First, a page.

Flight ban leaves travellers from India, Pakistan in limbo: There are many Canadians who are stranded in India and Pakistan because of travel restrictions. The ban on direct flights from those countries was one of several actions taken by the federal government to reduce transmission of the virus, especially the variant now known as Delta, which was first reported in India. They must either wait out the ban, with the risk of contracting the virus, or face the challenge of navigating complicated flight paths home.

Sunrise solar eclipse to sweep across Arctic and central Canada: A solar eclipse is set to sweep across a large portion of Canada tomorrow. For southerners, including those in Toronto, Montreal and Halifax, the event will feature the rare sight of a crescent sun rising, with the moon blocking a large fraction of the solar disc. But observers who are located in a broad strip from Northern Ontario to Canada’s high Arctic will also have a chance to see the moon’s round silhouette passing directly in front of the sun.


Global stocks near record: World stock prices teetered near record highs on Wednesday, while U.S. bond yields touched their lowest levels in a month, as investors bet the Federal Reserve is some way off from tapering its economic stimulus. Just before 6 a.m. ET, Britain’s FTSE 100 was down 0.52 per cent. Germany’s DAX and France’s CAC 40 fell 0.28 per cent and 0.02 per cent, respectively. In Asia, Japan’s Nikkei slid 0.35 per cent. Hong Kong’s Hang Seng ended down 0.13 per cent. New York futures were little changed. The Canadian dollar was trading at 82.71 US cents.


Campbell Clark: “There would be an outcry if he didn’t do the hotel quarantine, of course. But we’d all be better off if the Prime Minister had scrapped the hotel quarantine two weeks ago, and chosen a different set of symbols for this trip. That way he could have quarantined at home and declared his test results after a week.”

Gary Mason: “At some point, if he hopes to survive, the Premier [Jason Kenney] is going to have to do something that does not come naturally to him: He is going to have to admit his broader failings, issue a sweeping apology for the lousy job he’s done to this point and promise to do better with a concrete action plan. To press the restart button, he is going to have to swallow his pride.”


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Brian GableBrian Gable/The Globe and Mail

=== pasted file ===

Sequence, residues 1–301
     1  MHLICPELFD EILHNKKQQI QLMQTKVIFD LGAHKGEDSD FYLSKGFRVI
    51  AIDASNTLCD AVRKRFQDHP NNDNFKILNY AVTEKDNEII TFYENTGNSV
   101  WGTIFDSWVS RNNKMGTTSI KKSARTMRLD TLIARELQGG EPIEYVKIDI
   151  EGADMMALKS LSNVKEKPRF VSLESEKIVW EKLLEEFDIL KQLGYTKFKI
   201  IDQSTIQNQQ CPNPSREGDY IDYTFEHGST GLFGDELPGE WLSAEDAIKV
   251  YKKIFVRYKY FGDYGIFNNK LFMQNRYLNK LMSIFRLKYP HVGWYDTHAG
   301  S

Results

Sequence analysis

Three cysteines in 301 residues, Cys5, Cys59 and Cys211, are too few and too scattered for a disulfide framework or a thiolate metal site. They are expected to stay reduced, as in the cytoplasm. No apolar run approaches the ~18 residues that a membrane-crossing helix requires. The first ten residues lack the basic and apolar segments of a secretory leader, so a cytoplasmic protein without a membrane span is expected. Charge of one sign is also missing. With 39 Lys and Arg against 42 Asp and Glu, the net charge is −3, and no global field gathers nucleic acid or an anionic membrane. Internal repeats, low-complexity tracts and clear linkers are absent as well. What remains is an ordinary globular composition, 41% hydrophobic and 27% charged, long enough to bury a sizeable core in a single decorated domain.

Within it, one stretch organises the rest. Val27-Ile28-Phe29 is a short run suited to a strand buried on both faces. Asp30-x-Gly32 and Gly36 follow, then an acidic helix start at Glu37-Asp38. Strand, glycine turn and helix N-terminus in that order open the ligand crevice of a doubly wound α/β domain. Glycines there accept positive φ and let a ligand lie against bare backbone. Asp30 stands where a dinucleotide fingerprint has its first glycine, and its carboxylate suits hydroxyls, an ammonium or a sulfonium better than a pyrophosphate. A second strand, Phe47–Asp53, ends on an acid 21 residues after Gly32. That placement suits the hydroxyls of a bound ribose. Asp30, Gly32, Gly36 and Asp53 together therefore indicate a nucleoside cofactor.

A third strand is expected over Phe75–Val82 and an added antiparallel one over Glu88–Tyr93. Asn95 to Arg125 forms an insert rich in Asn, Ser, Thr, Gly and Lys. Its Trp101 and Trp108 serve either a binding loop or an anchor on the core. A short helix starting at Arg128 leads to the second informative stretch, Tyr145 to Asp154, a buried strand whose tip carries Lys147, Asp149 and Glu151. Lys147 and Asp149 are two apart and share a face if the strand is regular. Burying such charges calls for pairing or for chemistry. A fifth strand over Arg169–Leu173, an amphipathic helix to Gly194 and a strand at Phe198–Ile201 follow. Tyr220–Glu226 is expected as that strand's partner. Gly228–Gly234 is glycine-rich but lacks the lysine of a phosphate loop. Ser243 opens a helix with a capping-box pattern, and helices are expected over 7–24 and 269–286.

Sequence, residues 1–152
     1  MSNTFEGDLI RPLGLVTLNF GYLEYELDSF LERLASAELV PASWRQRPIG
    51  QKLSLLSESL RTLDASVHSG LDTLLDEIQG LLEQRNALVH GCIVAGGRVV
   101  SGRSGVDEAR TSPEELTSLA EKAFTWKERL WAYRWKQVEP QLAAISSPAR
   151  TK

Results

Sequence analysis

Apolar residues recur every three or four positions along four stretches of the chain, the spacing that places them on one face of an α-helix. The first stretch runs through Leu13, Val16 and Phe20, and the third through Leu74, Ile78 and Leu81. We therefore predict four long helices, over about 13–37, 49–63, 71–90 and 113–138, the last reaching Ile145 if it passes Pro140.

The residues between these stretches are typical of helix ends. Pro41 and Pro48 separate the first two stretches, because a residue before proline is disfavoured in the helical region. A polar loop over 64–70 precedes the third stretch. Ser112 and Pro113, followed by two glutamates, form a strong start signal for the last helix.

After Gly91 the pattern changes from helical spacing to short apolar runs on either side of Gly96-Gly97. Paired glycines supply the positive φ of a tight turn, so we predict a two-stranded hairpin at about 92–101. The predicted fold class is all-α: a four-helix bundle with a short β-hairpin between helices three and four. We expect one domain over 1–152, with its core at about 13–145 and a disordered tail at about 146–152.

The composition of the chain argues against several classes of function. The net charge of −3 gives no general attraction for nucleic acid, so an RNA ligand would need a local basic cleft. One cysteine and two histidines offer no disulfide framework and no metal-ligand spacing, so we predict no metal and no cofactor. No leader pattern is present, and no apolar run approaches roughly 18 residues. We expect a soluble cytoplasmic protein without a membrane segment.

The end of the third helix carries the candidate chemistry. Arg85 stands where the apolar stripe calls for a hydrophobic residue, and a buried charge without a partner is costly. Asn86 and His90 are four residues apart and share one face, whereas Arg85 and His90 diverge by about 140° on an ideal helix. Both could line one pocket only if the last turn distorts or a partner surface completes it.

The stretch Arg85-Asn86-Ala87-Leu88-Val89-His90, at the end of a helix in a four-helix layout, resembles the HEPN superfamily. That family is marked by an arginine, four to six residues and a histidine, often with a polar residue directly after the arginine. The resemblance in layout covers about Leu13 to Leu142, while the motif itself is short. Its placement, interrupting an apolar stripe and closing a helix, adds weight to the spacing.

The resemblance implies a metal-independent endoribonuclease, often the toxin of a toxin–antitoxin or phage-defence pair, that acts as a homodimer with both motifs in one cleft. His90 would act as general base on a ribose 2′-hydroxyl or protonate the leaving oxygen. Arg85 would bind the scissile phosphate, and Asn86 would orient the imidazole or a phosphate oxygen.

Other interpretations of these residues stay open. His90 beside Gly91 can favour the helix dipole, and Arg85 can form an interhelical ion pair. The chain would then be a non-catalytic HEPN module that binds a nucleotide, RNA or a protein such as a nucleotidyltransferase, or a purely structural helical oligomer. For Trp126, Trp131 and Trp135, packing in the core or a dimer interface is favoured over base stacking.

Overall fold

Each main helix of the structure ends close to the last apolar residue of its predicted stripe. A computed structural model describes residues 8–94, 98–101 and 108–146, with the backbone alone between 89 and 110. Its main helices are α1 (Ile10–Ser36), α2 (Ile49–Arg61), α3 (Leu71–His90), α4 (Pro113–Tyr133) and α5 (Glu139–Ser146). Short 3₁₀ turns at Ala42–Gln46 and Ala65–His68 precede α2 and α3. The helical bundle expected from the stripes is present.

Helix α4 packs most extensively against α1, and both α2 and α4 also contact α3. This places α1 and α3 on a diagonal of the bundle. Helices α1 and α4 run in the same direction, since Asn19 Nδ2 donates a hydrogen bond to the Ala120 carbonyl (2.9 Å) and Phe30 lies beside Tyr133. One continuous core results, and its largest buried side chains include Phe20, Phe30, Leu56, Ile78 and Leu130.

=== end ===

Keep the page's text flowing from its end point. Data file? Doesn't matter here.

Family, murder and politics - two left-field thrillers on streaming

Two recently arrived thrillers offer entertainment and compelling insight into the culture and politics of places that are remote from us and only register sometimes as the source of dramatic news stories.


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Justine Bateman as Mallory Keaton, Michael J. Fox as Alex P. Keaton, Marc Price as Erwin 'Skippy' Handleman in 'Family Ties,' first aired on Sept. 25, 1986.NBCUniversal via Getty Images

Michael J. Fox is born

Sixty years ago, Michael J. Fox, OC, was born in Edmonton – the first of many Canadian cities in which the award-winning entertainer, activist and self-proclaimed “army brat” would live throughout his childhood. At 15 years old, Fox’s acting career began with a leading role in CBC-TV’s Leo and Me. In the 1980s, his roles as Alex P. Keaton in the NBC sitcom Family Ties, and as Marty McFly in the Back to the Future trilogy, would earn him worldwide recognition and critical acclaim. But Fox’s career, life and legacy were profoundly changed in 1991, when he was diagnosed with Parkinson’s disease at 29. After sharing his diagnosis with the public, Fox soon became a leader in Parkinson’s disease research and advocacy. Through the Michael J. Fox Foundation – which The New York Times called “the most credible voice on Parkinson’s disease research in the world” – Fox has fought to accelerate the pace of Parkinson’s research. Since 2000, the foundation has funded investigations resulting in 20 early-stage therapeutic programs. Today, 15 disease-modifying interventions are in clinical trials, owing to Fox’s relentless efforts to find a cure for the six million people living with Parkinson’s disease around the world. Serena Marotta